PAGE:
saw its third-quarter profit drop as costs associated with the rollout of
The Wall Street Journal's
weekend edition cut into the publishing company's operating income.
Third-quarter results missed analysts' estimates, and the company also offered a fourth-quarter earnings projection that would fall short of the consensus expectation.
The company, which owns the
among its holdings, had third-quarter earnings of $10.2 million, or 12 cents a share, compared with $12.1 million, or 15 cents a share, a year ago. Revenue of $421.2 million rose 6.7% from $394.9 million last year.
Analysts surveyed by Thomson First Call were expecting, on average, a profit of 13 cents and revenue of $435.3 million from Dow Jones.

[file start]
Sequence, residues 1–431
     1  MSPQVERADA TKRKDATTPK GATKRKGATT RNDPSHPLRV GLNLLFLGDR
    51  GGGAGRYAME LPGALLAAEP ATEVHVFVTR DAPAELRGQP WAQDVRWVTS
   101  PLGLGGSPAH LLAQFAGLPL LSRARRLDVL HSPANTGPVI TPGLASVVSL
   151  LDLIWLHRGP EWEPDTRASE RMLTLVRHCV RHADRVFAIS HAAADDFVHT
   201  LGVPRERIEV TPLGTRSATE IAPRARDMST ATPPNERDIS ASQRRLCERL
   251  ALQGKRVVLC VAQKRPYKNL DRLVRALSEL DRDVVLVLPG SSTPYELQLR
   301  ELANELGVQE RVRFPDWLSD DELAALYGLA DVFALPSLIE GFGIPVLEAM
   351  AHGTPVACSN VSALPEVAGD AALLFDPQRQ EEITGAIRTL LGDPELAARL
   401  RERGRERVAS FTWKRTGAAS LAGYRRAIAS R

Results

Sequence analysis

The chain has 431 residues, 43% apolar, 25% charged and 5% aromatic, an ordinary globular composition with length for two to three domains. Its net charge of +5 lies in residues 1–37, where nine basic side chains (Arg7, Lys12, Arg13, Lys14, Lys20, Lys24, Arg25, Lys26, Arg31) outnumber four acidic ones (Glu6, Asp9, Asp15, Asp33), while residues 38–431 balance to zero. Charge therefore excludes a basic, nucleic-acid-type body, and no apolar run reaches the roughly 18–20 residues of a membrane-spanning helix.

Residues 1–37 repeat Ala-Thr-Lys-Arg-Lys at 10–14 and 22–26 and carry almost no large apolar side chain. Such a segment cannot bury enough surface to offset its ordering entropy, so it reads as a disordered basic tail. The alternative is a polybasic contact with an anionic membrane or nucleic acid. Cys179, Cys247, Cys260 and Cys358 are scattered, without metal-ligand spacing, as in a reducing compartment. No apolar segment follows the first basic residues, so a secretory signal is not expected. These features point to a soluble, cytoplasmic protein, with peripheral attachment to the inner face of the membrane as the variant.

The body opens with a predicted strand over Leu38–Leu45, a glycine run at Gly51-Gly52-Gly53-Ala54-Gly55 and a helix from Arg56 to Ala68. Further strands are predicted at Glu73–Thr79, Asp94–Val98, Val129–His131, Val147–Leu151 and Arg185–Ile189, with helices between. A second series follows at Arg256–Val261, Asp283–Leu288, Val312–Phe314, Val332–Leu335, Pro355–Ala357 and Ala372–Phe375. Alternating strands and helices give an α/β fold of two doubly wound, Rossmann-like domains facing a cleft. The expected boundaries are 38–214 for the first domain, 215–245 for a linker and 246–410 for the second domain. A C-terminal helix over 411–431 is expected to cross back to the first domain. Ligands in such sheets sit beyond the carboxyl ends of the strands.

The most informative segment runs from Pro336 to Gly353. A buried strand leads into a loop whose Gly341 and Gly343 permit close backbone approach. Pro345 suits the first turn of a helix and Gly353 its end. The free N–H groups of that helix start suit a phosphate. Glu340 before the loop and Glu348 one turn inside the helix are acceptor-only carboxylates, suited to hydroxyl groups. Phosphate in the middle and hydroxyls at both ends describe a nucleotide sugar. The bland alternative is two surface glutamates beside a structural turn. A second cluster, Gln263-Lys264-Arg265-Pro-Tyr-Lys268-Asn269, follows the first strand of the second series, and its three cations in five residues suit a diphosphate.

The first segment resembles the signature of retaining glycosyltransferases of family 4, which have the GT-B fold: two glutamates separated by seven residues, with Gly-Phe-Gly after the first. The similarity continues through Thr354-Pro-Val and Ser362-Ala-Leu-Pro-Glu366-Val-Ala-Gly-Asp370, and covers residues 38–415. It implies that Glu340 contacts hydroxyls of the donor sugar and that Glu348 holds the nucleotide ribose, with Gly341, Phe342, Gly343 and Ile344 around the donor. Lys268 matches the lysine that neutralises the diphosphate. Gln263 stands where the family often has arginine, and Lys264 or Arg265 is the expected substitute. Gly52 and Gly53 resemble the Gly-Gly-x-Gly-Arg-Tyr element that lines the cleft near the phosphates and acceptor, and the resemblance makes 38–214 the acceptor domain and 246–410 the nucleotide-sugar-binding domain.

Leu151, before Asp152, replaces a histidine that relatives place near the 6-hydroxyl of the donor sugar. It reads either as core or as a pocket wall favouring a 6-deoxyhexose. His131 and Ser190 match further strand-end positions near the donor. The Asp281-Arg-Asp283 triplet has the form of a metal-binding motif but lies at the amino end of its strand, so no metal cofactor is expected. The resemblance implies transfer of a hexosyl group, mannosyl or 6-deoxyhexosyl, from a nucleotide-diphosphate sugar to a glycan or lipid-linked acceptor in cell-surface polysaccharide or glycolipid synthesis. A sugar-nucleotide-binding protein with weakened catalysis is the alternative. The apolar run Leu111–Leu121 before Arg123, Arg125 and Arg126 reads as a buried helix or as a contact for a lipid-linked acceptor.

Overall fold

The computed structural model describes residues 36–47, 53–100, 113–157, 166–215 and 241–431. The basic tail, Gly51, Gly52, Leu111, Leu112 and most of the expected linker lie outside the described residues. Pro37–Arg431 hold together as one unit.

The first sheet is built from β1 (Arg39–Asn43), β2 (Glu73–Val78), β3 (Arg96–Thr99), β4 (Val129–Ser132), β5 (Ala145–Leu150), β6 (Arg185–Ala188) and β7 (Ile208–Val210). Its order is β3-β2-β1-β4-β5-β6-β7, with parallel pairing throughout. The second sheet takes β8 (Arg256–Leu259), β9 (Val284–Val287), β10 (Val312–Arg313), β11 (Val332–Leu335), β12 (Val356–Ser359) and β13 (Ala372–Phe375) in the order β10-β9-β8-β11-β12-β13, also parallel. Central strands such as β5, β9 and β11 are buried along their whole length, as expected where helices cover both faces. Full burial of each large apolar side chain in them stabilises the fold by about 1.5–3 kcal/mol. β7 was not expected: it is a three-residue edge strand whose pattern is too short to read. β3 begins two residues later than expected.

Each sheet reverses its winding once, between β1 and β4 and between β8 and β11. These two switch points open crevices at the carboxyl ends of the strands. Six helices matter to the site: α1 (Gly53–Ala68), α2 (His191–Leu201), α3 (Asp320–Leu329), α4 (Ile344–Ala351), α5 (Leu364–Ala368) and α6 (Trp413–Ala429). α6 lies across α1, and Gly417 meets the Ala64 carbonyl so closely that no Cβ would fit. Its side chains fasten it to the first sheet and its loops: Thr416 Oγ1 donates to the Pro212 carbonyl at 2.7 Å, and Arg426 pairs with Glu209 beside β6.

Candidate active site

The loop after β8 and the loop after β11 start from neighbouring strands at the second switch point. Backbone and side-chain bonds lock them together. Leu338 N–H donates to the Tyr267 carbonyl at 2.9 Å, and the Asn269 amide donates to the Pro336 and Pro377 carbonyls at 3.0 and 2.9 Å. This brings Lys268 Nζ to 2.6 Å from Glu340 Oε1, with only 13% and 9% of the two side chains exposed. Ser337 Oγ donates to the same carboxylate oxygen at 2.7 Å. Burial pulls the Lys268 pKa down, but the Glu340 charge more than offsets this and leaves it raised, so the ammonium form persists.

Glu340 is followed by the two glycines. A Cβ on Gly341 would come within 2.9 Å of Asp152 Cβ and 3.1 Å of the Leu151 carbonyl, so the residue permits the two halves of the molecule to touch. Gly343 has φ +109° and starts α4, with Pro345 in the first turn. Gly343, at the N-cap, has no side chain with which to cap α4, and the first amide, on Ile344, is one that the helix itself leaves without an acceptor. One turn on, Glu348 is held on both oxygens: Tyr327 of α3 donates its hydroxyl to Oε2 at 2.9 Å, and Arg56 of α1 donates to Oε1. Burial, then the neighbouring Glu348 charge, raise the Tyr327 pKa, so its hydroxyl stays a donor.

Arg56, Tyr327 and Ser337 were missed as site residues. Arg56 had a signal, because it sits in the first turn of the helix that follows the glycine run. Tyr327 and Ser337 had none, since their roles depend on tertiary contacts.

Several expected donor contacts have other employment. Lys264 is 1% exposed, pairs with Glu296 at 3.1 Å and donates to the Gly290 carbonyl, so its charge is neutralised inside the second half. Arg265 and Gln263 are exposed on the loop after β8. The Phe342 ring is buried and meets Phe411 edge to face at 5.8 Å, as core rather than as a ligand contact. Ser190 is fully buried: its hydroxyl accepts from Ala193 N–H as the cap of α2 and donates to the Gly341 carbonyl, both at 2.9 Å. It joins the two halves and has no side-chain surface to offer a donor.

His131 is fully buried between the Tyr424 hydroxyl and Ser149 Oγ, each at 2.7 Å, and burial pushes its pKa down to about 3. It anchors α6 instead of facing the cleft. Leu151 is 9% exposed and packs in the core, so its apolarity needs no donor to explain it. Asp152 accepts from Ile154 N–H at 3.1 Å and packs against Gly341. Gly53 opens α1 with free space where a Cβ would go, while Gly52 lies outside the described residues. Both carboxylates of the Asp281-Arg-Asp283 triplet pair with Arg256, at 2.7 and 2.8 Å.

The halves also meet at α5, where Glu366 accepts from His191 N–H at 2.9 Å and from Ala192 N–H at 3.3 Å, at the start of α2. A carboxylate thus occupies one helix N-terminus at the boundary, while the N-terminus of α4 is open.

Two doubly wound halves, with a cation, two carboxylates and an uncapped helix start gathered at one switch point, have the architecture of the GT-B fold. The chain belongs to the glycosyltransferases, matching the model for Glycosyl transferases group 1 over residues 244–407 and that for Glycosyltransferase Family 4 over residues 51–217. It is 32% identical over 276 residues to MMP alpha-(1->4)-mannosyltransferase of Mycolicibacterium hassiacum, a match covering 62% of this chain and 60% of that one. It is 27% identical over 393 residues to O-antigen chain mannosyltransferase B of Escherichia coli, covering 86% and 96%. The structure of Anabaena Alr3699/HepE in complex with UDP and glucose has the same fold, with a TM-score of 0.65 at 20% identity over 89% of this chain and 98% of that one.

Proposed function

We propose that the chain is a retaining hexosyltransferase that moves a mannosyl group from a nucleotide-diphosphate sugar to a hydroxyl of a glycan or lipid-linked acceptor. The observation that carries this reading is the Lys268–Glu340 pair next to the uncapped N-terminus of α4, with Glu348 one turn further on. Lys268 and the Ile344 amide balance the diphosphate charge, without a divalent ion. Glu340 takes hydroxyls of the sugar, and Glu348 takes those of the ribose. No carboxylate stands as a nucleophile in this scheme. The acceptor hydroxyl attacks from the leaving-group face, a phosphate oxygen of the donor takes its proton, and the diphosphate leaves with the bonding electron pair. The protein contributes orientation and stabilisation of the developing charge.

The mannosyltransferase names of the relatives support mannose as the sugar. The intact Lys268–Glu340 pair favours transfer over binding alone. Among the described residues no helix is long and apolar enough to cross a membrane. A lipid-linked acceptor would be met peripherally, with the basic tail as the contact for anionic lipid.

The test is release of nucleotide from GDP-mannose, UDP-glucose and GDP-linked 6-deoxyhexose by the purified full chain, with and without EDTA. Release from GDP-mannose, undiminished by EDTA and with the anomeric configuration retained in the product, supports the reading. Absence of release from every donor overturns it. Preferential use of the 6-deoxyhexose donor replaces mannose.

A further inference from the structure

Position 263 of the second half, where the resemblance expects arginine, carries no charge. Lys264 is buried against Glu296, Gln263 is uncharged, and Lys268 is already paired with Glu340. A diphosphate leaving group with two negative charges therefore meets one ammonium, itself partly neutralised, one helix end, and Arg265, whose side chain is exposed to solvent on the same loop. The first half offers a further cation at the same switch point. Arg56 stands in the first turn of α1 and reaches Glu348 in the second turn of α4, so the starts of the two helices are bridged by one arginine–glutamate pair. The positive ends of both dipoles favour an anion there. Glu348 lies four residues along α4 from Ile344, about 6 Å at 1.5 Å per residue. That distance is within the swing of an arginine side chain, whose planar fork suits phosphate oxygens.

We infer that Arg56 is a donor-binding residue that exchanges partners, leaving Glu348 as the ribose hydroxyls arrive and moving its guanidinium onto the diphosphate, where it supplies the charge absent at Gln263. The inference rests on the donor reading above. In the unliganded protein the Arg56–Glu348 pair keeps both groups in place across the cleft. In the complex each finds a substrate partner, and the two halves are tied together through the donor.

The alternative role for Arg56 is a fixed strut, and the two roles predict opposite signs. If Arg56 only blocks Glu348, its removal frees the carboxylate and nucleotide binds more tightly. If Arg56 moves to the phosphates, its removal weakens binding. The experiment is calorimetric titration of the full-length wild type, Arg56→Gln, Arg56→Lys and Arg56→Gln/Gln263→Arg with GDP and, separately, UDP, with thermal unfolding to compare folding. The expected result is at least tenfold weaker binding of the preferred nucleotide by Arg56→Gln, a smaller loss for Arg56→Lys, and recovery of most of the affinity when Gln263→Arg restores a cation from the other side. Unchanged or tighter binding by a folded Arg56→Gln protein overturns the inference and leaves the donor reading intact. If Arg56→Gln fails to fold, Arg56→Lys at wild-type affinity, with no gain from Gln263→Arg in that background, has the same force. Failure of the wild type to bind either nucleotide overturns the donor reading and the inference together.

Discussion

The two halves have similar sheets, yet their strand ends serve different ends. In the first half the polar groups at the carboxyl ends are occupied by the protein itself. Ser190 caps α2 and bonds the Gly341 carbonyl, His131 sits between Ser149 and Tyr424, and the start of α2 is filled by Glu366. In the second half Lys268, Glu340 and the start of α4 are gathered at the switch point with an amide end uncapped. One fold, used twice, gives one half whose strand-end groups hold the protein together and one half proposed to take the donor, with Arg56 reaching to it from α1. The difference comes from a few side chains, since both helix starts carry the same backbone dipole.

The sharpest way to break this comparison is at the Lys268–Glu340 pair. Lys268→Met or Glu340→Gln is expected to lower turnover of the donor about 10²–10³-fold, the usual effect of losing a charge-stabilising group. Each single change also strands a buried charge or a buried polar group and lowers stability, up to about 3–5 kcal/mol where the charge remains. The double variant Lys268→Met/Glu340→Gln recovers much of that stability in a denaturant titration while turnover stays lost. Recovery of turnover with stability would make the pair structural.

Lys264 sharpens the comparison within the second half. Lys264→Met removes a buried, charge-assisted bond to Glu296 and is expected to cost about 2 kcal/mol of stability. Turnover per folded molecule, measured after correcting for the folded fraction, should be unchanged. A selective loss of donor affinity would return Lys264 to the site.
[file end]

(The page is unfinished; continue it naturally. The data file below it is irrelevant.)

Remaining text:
Print publishing revenue fell 2.5% to $204.4 million in the third quarter. Ad linage at the U.S.
, including two weekend issues, rose 3.6%.
ad pages fell 21.1% in the quarter. Third-quarter electronic publishing revenue was up 30.1% to $127.1 million.
Dow Jones estimated fourth-quarter earnings in the mid-to-upper 30 cents per share range before items and expenses related to the weekend
, which started publication in September. The New York-based company earned 43 cents in the fourth quarter last year.
The weekend paper will probably take 5 cents to 6 cents a share from earnings, lowering the bottom line to the low-to-mid 30 cents per share range. The consensus earnings estimate is 46 cents for the fourth quarter.